Obama called for a second short term $50 billion stimulus, for aiding homeowners facing foreclosure through no fault of their own, and for extending unemployment benefits for those workers caught in the economic ebb tide. Bush and Congressional Republicans have resisted these measures.
But he also began to contrast his longer range strategy for rebuilding America to the failed trickle-down, market fundamentalism and fiscal irresponsibility of the past years:
"For eight long years, our president sacrificed investments in health care, and education, and energy, and infrastructure on the altar of tax breaks for big corporations and wealthy CEOs -- trillions of dollars in giveaways that proved neither compassionate nor conservative.
And with McCain pledging to sustain that same course -- top end tax cuts and cuts in domestic spending -- Obama draws the contrast:
John McCain and I have a fundamentally different vision of where to take the country. Because for all his talk of independence, the centerpiece of his economic plan amounts to a full-throated endorsement of George Bush's policies. He says we've made great progress in our economy these past eight years. He calls himself a fiscal conservative, and on the campaign trail he's a passionate critic of government spending, and yet he has no problem spending hundreds of billions of dollars on tax breaks for big corporations and a permanent occupation of Iraq -- policies that have left our children with a mountain of debt.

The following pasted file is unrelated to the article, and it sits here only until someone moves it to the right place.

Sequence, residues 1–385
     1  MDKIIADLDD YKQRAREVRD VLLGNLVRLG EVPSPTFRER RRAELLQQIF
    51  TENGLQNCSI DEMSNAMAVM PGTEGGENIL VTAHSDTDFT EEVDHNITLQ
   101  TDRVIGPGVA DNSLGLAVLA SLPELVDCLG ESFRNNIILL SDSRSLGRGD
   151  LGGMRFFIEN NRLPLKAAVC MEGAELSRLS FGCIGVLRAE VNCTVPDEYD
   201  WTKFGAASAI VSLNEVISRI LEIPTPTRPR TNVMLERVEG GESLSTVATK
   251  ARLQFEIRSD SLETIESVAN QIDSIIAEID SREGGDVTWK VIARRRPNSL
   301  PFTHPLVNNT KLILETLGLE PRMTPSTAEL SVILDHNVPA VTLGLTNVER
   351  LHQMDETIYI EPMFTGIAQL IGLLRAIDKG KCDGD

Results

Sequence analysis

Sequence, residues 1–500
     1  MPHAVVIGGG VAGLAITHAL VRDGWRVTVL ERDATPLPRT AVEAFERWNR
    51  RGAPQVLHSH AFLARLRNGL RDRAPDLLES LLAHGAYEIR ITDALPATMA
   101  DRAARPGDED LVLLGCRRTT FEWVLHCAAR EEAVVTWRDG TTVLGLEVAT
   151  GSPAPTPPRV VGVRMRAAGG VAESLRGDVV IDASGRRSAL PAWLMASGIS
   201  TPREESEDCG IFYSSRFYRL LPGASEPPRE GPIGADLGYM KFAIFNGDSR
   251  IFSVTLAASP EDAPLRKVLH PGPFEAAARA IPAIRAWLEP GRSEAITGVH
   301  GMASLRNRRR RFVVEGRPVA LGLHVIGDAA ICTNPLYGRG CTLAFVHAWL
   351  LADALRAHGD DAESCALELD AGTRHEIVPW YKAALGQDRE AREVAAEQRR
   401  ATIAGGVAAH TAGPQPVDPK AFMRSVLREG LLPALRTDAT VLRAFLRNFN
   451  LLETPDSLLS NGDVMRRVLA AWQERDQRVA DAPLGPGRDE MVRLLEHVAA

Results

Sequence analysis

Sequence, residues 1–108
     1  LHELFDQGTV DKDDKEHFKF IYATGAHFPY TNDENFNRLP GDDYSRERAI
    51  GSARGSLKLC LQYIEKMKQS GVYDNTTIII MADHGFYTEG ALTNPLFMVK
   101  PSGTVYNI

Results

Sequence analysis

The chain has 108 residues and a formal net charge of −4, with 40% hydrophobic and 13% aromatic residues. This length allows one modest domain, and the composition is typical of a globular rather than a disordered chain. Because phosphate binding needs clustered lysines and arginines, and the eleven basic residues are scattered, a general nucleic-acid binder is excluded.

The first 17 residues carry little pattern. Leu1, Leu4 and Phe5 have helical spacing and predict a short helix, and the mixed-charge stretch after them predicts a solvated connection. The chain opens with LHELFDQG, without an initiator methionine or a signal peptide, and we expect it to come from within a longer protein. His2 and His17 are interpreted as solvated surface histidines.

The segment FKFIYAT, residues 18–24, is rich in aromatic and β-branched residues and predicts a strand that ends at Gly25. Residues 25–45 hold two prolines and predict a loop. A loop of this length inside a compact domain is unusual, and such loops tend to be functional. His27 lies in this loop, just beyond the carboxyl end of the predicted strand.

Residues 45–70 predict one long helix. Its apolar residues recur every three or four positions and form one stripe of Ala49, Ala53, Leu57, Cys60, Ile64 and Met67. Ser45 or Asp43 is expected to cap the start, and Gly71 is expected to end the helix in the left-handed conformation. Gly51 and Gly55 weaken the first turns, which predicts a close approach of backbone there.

In contrast, Obama calls for a "bottom up prosperity," based upon his version of putting people first. He wants to invest in education and training. He'd generate millions of new jobs in a concerted drive for energy independence. He'll create a national investment bank to rebuild and modernize our aging infrastructure, and put people to work. He'll help make college more affordable. He'll offer middle class families (generously defined as making under $150,000) a tax break, while raising taxes on the wealthy, shutting corporate tax loopholes, imposing an excess profits tax on the oil and gas companies, and using money saved from ending the Iraq war to invest here at home.
McCain scorns this as the old "tax and spend" policies that Americans can't afford, arguing that "Sen. Obama says I'm running for Bush's third term, seems to me he's running for Jimmy Carter's second." (Great line, except the stagflation is already here). In his speech before the conservative National Federation of Independent Business, he called for not only sustaining the Bush tax cuts which he once opposed, but also adding new cuts (an estimated $300 billion a year) for corporations and the wealthy. He bizarrely emphasized "the estate tax," as "one of the most unfair taxes on the books," presumably because it applies primarily to the wealthiest 2% of America's fortunes.